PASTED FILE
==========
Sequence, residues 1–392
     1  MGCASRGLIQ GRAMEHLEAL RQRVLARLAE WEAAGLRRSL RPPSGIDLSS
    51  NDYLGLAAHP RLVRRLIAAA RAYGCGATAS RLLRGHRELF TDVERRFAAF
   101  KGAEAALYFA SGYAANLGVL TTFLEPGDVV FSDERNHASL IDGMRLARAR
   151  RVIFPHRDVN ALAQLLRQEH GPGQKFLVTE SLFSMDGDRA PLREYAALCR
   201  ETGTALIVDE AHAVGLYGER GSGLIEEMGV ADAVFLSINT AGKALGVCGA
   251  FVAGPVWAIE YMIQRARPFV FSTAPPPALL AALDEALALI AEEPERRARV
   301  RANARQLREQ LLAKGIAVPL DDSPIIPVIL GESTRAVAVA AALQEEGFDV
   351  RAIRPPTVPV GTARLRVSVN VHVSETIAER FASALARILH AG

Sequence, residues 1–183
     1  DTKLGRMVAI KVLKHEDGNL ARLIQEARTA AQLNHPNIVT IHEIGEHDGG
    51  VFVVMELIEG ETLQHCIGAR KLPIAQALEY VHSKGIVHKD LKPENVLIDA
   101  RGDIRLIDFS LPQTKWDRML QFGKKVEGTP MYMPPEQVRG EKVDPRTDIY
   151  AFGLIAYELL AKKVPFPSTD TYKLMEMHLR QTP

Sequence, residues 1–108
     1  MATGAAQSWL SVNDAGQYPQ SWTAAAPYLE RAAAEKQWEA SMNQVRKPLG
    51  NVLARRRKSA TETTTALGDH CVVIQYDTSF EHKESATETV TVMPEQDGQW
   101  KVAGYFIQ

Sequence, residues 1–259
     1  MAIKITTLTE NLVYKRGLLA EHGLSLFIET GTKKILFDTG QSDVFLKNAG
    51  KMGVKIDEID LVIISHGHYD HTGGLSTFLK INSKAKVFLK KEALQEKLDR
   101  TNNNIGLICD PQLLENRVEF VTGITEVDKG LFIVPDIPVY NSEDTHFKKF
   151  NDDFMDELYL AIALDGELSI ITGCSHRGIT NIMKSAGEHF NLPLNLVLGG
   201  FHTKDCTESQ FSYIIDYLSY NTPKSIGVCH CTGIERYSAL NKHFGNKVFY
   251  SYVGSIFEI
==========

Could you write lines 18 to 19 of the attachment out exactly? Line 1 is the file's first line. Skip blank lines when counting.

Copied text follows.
   101  KVAGYFIQ

Sequence, residues 1–259